This subcommittee, some time ago, looked to the future and recognized unless we could make a better case for science, technology and engineering, that we would soon be running into difficulty. We thought this way, even prior to the squeeze that has come about because of the Vietnam situation. It didn't appear possible that we could increase the level of expenditure without people in the country and in the Congress examining these matters carefully. The Vietnam situation adds an extreme additional burden.

I do believe that the way they are organized and administered is related to our ability to get the necessary funding. Because of this, I wonder if we ought not to move somewhat away from where we are

Dr. STEVER. Organizationally.

Mr. DADDARIO (continuing). In organization. What's your thinking about the direction of change and the necessity of doing it?

Dr. STEVER. If we are to move, I think on one side we should have an organization which looks to the seed corn, essentially the education and bringing along of young scientists and young engineers and young social scientists, to get them into the labor pool to tackle the problems.

Mr. DADDARIO. I agree with that. Yet we have got to consider this when discussions take place in the Senate about funding of research in the mission agencies. The word is that what is done in these areas must be immediately and obviously applicable. I do think that, this question of administration and management of resources and the need of manpower does become extremely important.

Dr. STEVER. What you are saying is the thing we talked about, the long range planning aspect of the new agency which is responsible in the basic science field. That is a very important thing, and I will agree with you. I honestly believe that we in science have made a mistake in our golden years and, you know, it is very easy to make mistakes when everything is going easily. In the years when we could get funding for all the growth we wanted in all the sciences, I think we made the mistake that this was going to be a permanent condition, that it would never catch up on us, and we then tended to pay less attention to really our relationship to society.

In that respect, long-range planning, the relationship of science to society, is an important issue and should be part of this mission, and I believe we could move reasonably soon to an organization which would bring that out.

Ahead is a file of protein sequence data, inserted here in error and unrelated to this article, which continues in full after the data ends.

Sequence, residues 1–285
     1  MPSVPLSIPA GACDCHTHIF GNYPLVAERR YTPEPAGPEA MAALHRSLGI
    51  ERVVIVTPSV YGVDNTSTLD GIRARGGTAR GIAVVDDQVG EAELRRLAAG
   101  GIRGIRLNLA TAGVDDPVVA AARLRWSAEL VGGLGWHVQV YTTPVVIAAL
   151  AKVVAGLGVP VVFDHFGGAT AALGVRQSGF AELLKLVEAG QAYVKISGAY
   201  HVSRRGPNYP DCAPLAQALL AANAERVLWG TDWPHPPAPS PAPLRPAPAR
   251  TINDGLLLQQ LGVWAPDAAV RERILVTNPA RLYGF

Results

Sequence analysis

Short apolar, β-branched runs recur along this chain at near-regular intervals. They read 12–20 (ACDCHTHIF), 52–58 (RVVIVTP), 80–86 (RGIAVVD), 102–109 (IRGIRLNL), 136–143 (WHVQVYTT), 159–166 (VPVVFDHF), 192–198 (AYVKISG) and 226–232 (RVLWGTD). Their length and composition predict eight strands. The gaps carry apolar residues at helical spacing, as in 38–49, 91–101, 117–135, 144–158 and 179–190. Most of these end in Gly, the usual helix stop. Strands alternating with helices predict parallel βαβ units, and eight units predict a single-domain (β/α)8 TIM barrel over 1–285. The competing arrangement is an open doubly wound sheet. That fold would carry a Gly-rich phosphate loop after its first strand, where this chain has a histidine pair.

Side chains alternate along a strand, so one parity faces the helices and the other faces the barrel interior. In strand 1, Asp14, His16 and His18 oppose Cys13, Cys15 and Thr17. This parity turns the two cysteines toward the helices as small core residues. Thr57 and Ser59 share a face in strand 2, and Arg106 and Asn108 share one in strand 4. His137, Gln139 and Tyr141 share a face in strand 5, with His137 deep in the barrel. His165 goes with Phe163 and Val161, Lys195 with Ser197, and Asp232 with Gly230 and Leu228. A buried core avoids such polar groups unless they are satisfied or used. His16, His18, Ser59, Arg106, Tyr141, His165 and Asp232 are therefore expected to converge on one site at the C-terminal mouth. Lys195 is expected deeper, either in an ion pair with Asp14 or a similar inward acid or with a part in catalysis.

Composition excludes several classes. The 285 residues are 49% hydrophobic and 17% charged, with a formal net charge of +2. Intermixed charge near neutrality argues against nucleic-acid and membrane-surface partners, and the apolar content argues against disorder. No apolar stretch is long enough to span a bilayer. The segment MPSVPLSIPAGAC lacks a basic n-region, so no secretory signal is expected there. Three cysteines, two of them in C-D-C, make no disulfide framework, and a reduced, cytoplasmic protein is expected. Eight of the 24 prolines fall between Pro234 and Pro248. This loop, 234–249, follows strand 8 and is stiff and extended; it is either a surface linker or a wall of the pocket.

On the other side, however, the application of science, I still get to the point that that isn't a purely science organization. That is a missionoriented agency, to take pollution for example, that depends heavily on science and on government operations and on industry. It is a very involved process. So that is not pure science. I would hope that our government does organize better for this, and I would applaud it if it did.

Mr. PETTIS. May I ask a question, Dr. Stever. Do you see any constraints on the production of adequate numbers of these scientific people in our society at the moment?

Dr. STEVER. I think with healthy and well supported, but not oversupported, educational institutions, there is always a sufficient number of the young people who are interested in that area; so we will have a reasonably good supply. I think probably in the past we have overeducated in some areas, and undereducated in others, and the missing link was a stronger motivation for fields in which we undereducated. Today's society is giving us this motivation to get involved in those fields, and that is important.

Mr. PETTIS. Mr. Chairman, if I may follow up with a second question related to the first, and I have asked this of other witnesses, I am perplexed to explain the diminution in numbers of Ph. D.'s in science of all kinds, of the hard sciences particularly in this country, relating it to our total population and taking the same situation in, let's say, Eastern Europe, Europe or the Orient. How do you explain this? The social problems of our society, is that what is taking the cream off?

Dr. STEVER. I think it is a very complex problem. For one thing in many respects young people think we have succeeded enough in science. I believe they are wrong because I don't think we are going to accomplish all the things we talked about today without having continuing and overwhelming inputs from science. But there is also the feeling that science isn't as relevant as it was. Relevant is the favorite word of young people today.

So we need a better sales campaign to convince young people that science is important in solving the very problems which are uppermost in their minds. This is the educator's job. This is everybody's job, to show there is a role.

Mr. DADDARIO. Mr. Winn.
Mr. Winn. What you are saying is you need more sex appeal.

Dr. STEVER. Yes, indeed. It is a tough job to get to be a scientist or engineer. That is a long education and you have to work pretty hard and sometimes other fields seem to be greener; so we do need more sex appeal, sex appeal in the sense that we can convince people that our society cannot reach the goals that are on everybody's minds without an important input from engineering and science and the other specialties.

Mr. DADDARIO. That is part of our advanced planning.

Dr. STEVER. That is right. That would be a very important part, that communication job. And, you know, it is part of your communication job, too, and you are helping: The very fact that you